In the area of “big data”, corporate VP Quentin Clark came out to discuss some examples of how data can be used and managed behind the scenes.  Scenario – How about phone app at a store that guides you through the store?  At checkout, all loyalty programs are automatically known and applied.  Behind all of that is big data.  Telemetry.  New data types and new data sources. “Data Changes Everything”.  Our approach -  find data, form theories, analyze, and refine, and then take action (operationalize). 

Announcing: SQL Server 2014 – making it easier to create availability, take advantage of Windows Azure, do more transaction processing in-memory. 
It began in Excel in power-pivot, and brought that work back into analysis server. 

Transform the Datacenter – the cloud platform itself.

Delivering everything we learn in Windows Azure and delivering it to you. 

Announced: Previews of Windows Server 2012 R2 and System Center 2012 R2 will be available by the end of June, and released by the end of this year. 

And the new “Windows Azure Pack” will be delivering Windows Azure on top of Windows Server and System Center.  So it drops right on top of your own servers.   

Jeff Woolsey came out to talk about some of the new innovations in Windows Server 2012 R2 such as automated storage tiering, where you can create storage spaces made up of traditional and SSD storage, and the tiering will automatically keep more frequently used data on the SSD and the other storage on the slower device.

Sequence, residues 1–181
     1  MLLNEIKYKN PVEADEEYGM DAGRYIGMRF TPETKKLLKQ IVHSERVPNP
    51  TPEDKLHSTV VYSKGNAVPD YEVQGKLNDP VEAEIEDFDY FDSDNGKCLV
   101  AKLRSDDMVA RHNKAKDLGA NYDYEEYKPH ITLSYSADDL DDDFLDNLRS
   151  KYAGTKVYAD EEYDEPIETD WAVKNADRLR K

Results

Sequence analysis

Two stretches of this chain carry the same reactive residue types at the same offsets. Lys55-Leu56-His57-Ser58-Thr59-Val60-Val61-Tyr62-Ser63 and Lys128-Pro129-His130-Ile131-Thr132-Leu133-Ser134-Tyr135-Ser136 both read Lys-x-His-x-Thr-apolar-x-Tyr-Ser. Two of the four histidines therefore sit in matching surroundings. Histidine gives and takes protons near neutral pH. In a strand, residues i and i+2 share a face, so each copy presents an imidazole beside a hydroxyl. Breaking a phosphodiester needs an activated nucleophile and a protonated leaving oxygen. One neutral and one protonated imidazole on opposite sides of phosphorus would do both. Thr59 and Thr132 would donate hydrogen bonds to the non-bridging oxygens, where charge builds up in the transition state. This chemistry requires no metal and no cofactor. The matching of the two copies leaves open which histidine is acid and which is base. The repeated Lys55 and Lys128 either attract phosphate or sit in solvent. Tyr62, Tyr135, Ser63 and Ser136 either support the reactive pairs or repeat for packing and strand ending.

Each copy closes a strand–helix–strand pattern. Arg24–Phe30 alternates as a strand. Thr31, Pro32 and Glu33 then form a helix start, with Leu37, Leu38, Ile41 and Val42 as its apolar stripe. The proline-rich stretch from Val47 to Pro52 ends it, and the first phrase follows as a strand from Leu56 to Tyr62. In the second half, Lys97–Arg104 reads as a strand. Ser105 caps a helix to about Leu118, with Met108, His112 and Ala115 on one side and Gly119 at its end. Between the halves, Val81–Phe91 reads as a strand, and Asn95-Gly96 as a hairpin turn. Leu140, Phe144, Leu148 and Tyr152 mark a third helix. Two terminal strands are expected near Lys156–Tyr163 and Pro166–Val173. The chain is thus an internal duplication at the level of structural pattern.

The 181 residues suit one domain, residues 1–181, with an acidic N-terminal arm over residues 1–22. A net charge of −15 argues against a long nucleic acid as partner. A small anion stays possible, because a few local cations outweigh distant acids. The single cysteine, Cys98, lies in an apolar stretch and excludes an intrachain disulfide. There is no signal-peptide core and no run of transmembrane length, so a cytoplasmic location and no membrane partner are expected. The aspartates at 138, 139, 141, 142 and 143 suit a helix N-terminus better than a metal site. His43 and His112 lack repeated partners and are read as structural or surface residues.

You can also greatly reduce costs through deduplication.  But can you run VMs on that storage?  Yes.  R2 will provide better performance on a de-duped storage location, and in fact it actually will be faster than traditional storage because of the caching taking place.  “VMs booted twice as fast.”  Common blocks are intelligently cached, so it just goes faster.

Live Migration has also improved in the area of performance .  “Live Migration with Compression” takes advantage of surplus compute power to compress for the migration. 

Hyper-V Replica – “We want to be able to manage replication at scale”, and across sites.  Hyper-V Recovery Manager, in Azure!  Azure  just manages (orchestrates) the replication.  And you can even set up a recovery plan in the cloud that can document manual or automated steps for performing the recovery in an orderly fashion. 

Some amazing stuff!  Now you see why it took me so long to create this blog post! 

Here is the complete keynote, in case you don’t just want to take my word for it.